Companies across the industrial sector are always looking for ways to cut costs, conserve space, and maximize profits. Bulk bags or FIBC bags have helped millions of businesses around the world achieve these goals.
From the pharmaceutical and construction industries to food manufacturers, FIBCs provide an affordable and efficient way to package, store, and move materials. Since these bulk bags are often used to transport medicines and consumable goods, they are made under high levels of scrutiny at state-of-the-art plants.
Manufacturing Process of FIBC Bags
Bulk bags are made of polypropylene woven fabrics, which is why they are also called PP woven bags. A number of highly-qualified and skilled technicians are responsible for making the bulk bags and ensuring they are stable against UV degradation.
One of the primary materials used in manufacturing FIBC bulk bags is virgin polypropylene fiber which is a petroleum-based product. Here is the step-by-step process involved in making an FIBC.
Extrusion involves mixing calcium carbonate, UV Master Batch, polypropylene granules, and a color pigment (optional) together and then melting the mixture. Then an Extrusion Plant shapes the mixture into tapes. Technicians also check the tensile durability of these tapes during the process.
The tapes are rolled on bobbins that are stockpiled and loaded onto looms for interlacing later on.
The tape bobbins created in the earlier stage are next loaded onto Flat Sulzer looms or Circular looms, depending on the user’s needs. This is where the fabric used in making FIBCs is created.
Coating or Lamination
This is an optional step and depends on what the user wants. During this step, the woven fabric can be laminated with a semi-clear polypropylene layer that is glued to the woven material to form a moisture barrier.
Un-laminated or uncoated polypropylene is breathable and thus, not suitable for goods like flour, salt, and sugar. These foods items should never be exposed to moisture or water, otherwise, they risk getting contaminated. So, the laminated fabric is recommended if you want to transport light, powdered foods that would otherwise sift through un-laminated bags when shaken or moved.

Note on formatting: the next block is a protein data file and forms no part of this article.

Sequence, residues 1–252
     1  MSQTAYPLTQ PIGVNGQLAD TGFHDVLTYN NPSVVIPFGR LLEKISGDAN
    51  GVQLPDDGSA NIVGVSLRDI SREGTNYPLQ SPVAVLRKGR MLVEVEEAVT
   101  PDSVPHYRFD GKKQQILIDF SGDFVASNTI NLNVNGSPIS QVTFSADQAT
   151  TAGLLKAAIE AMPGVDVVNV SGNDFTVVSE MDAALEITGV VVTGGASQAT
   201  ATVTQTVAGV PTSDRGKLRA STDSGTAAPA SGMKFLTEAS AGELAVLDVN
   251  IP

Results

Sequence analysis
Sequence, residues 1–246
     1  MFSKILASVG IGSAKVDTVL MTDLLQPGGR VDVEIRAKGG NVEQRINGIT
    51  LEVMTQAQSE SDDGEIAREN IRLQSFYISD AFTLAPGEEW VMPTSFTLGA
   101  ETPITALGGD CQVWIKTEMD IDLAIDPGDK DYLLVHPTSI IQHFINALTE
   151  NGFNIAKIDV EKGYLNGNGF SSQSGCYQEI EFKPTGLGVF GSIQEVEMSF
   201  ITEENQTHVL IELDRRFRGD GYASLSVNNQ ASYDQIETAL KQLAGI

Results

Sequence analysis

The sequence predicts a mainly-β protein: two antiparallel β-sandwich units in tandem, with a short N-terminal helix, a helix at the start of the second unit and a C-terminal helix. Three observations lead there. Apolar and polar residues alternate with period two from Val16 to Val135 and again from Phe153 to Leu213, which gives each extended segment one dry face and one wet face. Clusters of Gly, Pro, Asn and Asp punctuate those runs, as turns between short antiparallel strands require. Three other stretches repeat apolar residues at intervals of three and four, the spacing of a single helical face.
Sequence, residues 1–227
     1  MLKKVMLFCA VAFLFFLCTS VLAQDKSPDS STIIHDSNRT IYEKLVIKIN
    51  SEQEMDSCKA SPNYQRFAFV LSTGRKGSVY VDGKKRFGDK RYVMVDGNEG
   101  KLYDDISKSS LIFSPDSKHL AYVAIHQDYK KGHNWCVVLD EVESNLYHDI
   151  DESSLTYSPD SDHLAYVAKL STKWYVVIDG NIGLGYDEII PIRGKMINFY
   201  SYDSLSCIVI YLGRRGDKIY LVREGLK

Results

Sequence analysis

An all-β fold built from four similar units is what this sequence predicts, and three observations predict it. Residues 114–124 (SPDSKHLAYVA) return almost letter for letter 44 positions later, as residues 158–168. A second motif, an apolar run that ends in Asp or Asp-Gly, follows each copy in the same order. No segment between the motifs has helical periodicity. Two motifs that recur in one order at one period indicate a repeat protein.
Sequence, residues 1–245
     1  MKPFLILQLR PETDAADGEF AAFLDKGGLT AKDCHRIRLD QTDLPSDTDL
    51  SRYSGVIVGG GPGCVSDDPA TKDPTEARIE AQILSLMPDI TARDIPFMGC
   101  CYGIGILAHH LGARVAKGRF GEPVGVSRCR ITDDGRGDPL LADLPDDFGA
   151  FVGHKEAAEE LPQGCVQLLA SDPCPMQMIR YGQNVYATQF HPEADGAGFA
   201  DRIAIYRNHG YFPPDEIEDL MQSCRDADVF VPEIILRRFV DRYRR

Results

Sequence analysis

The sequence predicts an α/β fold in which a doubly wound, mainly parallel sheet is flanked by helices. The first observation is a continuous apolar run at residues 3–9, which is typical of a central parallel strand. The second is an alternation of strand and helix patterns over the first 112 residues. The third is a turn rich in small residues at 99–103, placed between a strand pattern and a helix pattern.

Next, the woven fabric material is put into the form of rolls and moved through an automatic cutting machine to be cut into specific size panels. The automation aspect of the process ensures the panels are cut into a uniform size. Finally, the panels are ready for printing or stitching.
The next step is putting the panels into a printing machine and imprinting them with the customer’s logo or brand name. You can choose up to 4 colors for this step.
This step involves making the loops that are used to lift the FIBC bulk bags. The bigger tapes of PP fabric are woven together on looms to make them look like webbings. Then it is cut into the desired size and stitched to the bag to create the loops. White is the standard color for the strap but you can choose from red, green, blue, yellow, etc.
Once the lifting loops are done, all the other parts (webbings, panels, spouts) are brought together and sewn by skilled tailors. Then the finished PP woven bags are inspected by qualified supervisors to ensure their quality.
Testing and Inspecting
Each bag goes through a meticulous inspection to make sure it is safe to use. The supervisor randomly selects bags and performs a cyclic top lift test to check whether the production criteria have been met.
After the final inspection, the bulk bags are carefully folded and put into a bale press machine. Then they are packed on pallets and loaded onto a container.
If you have questions about the quality or safety of our FIBC bags, feel free to get in touch with us today. Our Palmetto Industries representative will be happy to walk you through our intensely regulated FIBC manufacturing process.